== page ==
We examine associations between client attachment style and therapeutic alliance in a 3-arm randomized controlled trial of brief motivational interviewing and cognitive–behavioural therapy compared with longer term motivational interviewing and cognitive–behavioural therapy or standard care alone. Client self-report measures of attachment style were completed at baseline, and both clients and therapists in the treatment arms of the trial completed alliance measures 1 month into therapy. We found that insecure–anxious attachment was positively associated with therapist-rated alliance, whereas clients with insecure–avoidant attachment were more likely to report poorer bond with therapist. There was no evidence that client attachment significantly predicted clinical or substance misuse outcomes either directly or indirectly via alliance. Nor evidence that the length of therapy offered interacted with attachment to predict alliance.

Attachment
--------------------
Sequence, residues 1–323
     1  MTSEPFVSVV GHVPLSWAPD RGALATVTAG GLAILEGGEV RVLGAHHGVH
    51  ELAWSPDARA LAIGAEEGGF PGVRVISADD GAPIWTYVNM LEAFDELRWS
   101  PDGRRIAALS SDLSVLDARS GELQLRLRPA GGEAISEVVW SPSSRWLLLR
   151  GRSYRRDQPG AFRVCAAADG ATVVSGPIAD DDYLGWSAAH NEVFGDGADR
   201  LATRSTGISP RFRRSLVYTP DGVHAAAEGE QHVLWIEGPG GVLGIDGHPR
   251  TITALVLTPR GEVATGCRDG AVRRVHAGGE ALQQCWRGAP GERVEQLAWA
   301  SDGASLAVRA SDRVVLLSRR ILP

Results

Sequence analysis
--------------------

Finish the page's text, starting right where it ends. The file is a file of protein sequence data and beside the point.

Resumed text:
- cognitive–behavioural therapy
- motivational interviewing
- substance misuse